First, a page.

Stay tuned for part 2 of the mindful checklist for resentment next week.

“If someone comes along and shoots an arrow into your heart, it’s fruitless to stand there and yell at the person. It would be much better to turn your attention to the fact that there’s an arrow in your heart...”   

-Pema Chodron

If you enjoy these weekly mindful checklists share with friends.

Mindful Checklist Disappointment

Disappointment is an everyday occurrence that is difficult to acknowledge and feel. It often registers as annoyance, frustration, or dissatisfaction. It’s often easier to diminish the experience to avoid feeling the full weight of disappointment.

If you give disappointment the attention it wants and deserves, it might open a door to experiencing the full range of your life in this moment, rather than the small contained box you keep yourself in for comfort and safety. Often, you do things to minimize the feeling of disappointment even calling it something different to avoid feeling its sinking weight.

I get it, who wants to turn towards and feel something as dense as disappointment?

Distraction, numbness, overeating, overdrinking and blame are a few go-to mechanisms to get away from being, feeling, and experiencing disappointment.

This consumes large amounts of energy to push down this unpleasant feeling, causing stress, depression, and less than optimum health. It’s worthwhile and important to turn toward the experience you are having right now…. even if it’s disappointment. The acknowledgment creates space and can lessen the constriction that disappointment brings.

Use this mindful checklist to move through disappointment:

  • Slow down enough to feel what your body is experiencing, tuning into the tightness

  • Take a breath and invite compassionate, kind energy

  • Acknowledge what you are feeling; allowing the fact that you are disappointed

  • Quiet your mind, feel the weight of your body, tune into the space you are in and feel the disappointment that it is here

  • Ask: where does this reside in my body? Does it have a color? Texture? Sound? – get to know your disappointment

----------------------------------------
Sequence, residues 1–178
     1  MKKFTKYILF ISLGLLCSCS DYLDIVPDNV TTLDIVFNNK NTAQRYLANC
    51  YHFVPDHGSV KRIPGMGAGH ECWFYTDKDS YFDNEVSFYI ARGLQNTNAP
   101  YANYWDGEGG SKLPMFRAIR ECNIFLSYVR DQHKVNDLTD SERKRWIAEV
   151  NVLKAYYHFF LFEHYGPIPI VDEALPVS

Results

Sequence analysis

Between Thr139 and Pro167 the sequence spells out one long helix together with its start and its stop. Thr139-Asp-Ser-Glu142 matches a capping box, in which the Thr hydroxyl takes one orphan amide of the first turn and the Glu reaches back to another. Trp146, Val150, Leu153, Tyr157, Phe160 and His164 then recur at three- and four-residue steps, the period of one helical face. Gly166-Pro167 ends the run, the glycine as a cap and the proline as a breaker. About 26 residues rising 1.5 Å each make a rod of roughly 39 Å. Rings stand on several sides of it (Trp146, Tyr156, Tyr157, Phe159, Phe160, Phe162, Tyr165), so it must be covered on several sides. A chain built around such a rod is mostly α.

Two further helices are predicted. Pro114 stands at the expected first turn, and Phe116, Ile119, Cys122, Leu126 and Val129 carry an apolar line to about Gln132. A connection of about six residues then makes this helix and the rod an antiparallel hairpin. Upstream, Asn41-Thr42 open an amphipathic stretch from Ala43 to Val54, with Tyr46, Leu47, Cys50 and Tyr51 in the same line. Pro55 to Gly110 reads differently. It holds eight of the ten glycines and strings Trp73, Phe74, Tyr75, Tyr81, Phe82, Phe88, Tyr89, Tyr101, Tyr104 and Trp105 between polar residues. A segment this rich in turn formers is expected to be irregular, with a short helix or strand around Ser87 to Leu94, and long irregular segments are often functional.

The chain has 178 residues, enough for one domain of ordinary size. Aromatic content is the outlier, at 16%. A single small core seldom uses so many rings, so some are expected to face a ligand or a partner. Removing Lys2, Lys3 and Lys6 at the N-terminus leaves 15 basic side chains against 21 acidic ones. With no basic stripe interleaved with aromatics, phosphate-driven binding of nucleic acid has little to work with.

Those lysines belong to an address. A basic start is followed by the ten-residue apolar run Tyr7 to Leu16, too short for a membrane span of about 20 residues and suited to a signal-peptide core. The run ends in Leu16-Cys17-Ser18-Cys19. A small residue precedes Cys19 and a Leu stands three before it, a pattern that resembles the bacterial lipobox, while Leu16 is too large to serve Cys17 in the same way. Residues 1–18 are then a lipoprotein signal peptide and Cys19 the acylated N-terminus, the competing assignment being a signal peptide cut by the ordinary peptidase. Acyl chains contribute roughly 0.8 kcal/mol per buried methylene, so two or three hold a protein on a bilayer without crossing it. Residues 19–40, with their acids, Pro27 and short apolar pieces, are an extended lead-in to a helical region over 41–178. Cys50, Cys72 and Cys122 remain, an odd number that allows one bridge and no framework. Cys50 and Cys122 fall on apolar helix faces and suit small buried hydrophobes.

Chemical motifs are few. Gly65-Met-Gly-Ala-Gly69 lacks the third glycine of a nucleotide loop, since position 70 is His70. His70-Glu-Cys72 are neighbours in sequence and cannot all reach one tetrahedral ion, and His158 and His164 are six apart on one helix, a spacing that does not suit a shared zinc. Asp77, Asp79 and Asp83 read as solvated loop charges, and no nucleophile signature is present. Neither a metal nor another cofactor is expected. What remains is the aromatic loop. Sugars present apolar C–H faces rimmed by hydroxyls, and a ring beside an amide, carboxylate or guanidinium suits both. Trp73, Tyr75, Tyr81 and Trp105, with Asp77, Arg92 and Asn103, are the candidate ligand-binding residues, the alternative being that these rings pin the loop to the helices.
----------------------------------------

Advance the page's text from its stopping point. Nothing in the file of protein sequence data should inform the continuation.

• Suspend judgment of yourself, others, and the cause of disappointment

  • Be kind to yourself, take care of your inner dialogue

  • Cultivate resilience; know that this is one moment in your life, not your whole life

“Disappointment is a good sign of basic intelligence. It cannot be compared to anything else: it is so sharp, precise, obvious, and direct. If we can open, then we suddenly begin to see that our expectations are irrelevant compared with the reality of the situations we are facing.”  

-Chogyam Trungpa  

If you enjoy these weekly mindful checklists share with friends.

Photo credit Kat J on Unsplash

 

Mindful Checklist for Listening

Mindful Checklist for Listening

Listening is an attention filled activity and often attention is scattered and fragmented by the pressures of life. Listening is a gift we give another person and ourselves for it connects us to another human being. Use these steps to practice actively listening and reap the benefits of connection.

Read More

When Cancer Comes

   When Cancer Comes

There is a poem by Mary Oliver, When Death Comes that has called to me for the vivid picture it paints of facing into death; of embracing the hardest thing we will face. When anything difficult arises in life we tend to feel victimized, afraid and withdraw as the first response without having a fuller picture of our capacity to respond and adapt. This poem gives us a map. The first few stanzas are:

When death comes

like the hungry bear in autumn;

when death comes and takes all the bright coins from his purse

Read More

Learning to Meditate

Learning to Meditate

I'm still learning meditation. I've been learning for a long time. Really the word for it is practice, but I am not getting a whole lot "better" despite years and years of practice. That's not the point. Although some folks might think so.

Read More

Who Are You?

Who Are You?

It took radical self-love and acceptance to get to the heart of this profound and powerful question. It was a long a winding road to be sure, and it required a lot of shedding and healing to be who I was meant to be. It required profound accountability for the choices I’ve made along the way, and lots of forgiveness for the myself and others. It required self- kindness and a deep love for myself that I was often uncomfortable with. For years I thought self-love was selfish.

Read More